Apr 7, 2020 - Axios Events

Leading in a time of crisis

On Friday morning, Axios hosted a virtual event on how business and government leaders can work together for social good in the midst of a global pandemic.

Axios co-founder and CEO Jim VandeHei discussed how companies are adapting to the current state of affairs with Dallas Mavericks owner Mark Cuban and how businesses can prioritize their employees with Edelman Global CEO Richard Edelman.

  • Cuban on the opportunities that this moment presents: "This is a complete reset. All those things you were wondering about ... now you get a chance to try them ... we have a chance to go into America 2.0."
  • Cuban on the possibility of restarting the NBA season this year: "I hope so. I really do. But again, the NBA will put safety first. ... I’m hopeful, let’s just put it that way."
  • Edelman on the responsibility of companies in this moment of crisis: "Companies have to speak up now because they are actually the most trusted sources of information. ... Brands are expected to say how they're helping to solve the problem and also what they're doing to help employees specifically keep their jobs."

VandeHei and Axios cities correspondent Kim Hart honed in on the impact of this crisis on city leaders and how they're communicating and collaborating with other cities and the governors of their respective states.

  • Hart on what cities are focusing on at this moment: "A pandemic was never really something that was on their list. They're trying to figure out not only how to keep their people safe, but also afloat economically."
  • Hart on how mayors are learning from other leaders: "[Mayors] are relying on text message chains ... on fairly regular conference calls just to check in with city leaders of other cities that are of comparable size ... to see what have they learned, what are their lessons. ... It also comes down to how they're working directly with state governors."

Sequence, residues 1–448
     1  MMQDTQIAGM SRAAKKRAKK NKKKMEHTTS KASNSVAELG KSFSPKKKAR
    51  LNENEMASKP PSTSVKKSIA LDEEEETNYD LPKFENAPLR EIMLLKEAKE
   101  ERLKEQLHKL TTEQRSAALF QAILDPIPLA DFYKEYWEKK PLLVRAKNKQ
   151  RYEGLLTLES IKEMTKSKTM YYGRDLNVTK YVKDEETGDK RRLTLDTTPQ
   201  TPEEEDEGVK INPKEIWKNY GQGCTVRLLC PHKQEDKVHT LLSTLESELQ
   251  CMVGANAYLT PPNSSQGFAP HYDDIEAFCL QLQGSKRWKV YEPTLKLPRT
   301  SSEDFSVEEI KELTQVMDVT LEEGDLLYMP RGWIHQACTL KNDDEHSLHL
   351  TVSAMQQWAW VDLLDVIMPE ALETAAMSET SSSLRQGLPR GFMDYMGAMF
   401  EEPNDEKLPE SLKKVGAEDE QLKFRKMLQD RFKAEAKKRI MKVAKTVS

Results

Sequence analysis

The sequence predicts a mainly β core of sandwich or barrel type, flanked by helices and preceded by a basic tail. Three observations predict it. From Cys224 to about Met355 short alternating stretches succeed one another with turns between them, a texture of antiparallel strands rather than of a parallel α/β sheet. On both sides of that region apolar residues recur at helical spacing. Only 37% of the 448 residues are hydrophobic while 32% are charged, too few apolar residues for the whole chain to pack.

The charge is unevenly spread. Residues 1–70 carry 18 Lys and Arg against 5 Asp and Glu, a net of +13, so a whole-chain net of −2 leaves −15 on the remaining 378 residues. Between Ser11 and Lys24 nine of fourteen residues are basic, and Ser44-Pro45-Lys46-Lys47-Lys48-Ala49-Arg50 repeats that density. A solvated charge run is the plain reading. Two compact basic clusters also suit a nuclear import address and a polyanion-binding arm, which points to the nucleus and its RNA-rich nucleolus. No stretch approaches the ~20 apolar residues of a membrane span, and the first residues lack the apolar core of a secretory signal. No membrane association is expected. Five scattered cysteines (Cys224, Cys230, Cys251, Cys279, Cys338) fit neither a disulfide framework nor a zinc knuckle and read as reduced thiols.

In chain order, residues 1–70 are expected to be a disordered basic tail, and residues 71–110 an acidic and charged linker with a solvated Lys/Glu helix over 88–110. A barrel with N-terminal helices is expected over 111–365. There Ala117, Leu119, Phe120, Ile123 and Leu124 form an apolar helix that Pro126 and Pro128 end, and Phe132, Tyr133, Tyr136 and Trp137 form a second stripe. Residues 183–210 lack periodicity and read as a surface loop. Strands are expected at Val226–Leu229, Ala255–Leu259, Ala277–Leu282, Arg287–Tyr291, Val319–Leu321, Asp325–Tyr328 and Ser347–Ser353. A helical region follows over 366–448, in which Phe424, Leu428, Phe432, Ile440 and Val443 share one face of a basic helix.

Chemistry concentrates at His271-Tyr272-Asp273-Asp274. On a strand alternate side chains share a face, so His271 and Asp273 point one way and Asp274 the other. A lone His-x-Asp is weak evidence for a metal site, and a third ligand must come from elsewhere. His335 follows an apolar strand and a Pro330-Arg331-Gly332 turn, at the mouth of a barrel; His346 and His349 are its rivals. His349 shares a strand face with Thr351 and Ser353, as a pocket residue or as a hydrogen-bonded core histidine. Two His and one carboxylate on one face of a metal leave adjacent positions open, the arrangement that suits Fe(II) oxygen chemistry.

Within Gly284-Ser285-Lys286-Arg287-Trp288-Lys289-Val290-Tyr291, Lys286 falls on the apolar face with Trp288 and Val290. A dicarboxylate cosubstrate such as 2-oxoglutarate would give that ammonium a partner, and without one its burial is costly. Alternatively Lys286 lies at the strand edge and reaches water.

Thank you, Anheuser-Busch for sponsoring this event.

Go deeper

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Texas, Arizona and Oregon saw significant spikes last week in new coronavirus infections, while cases also continued to climb in a handful of states where steady increases have become the norm.

Why it matters: Nationwide, new cases have plateaued over the past week. To get through this crisis and safely continue getting back out into the world, we need them to go down — a lot.

Some call for fewer police, even as streets erupt

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"Defund the police" isn't just a slogan on a protester's sign — it's a political movement to relieve cops of responsibility for managing intractable social problems and shift spending to agencies that are better equipped to handle them.

Why it matters: The aftermath of George Floyd's killing has brought a renewed focus to the two dominant trends in policing: sweeping reforms on one side, militarization on the other. Neither of these responses will make our cities safer or our justice system fairer, civil rights activists argue, because the problems are much broader and deeply entrenched in society.

Mayors' job: restoring trust

Illustration: Sarah Grillo/Axios

Mayors across the country are vocally condemning the police killing of George Floyd, marching with protesters in their streets and outlining concrete steps to address the systemic racism that still plagues U.S. communities.

Why it matters: De-escalating the violence that's erupted amid protests is only the start of rebuilding a constructive relationship between the public and local law enforcement. And mayors are in a unique position to do that, given their close relationships with both.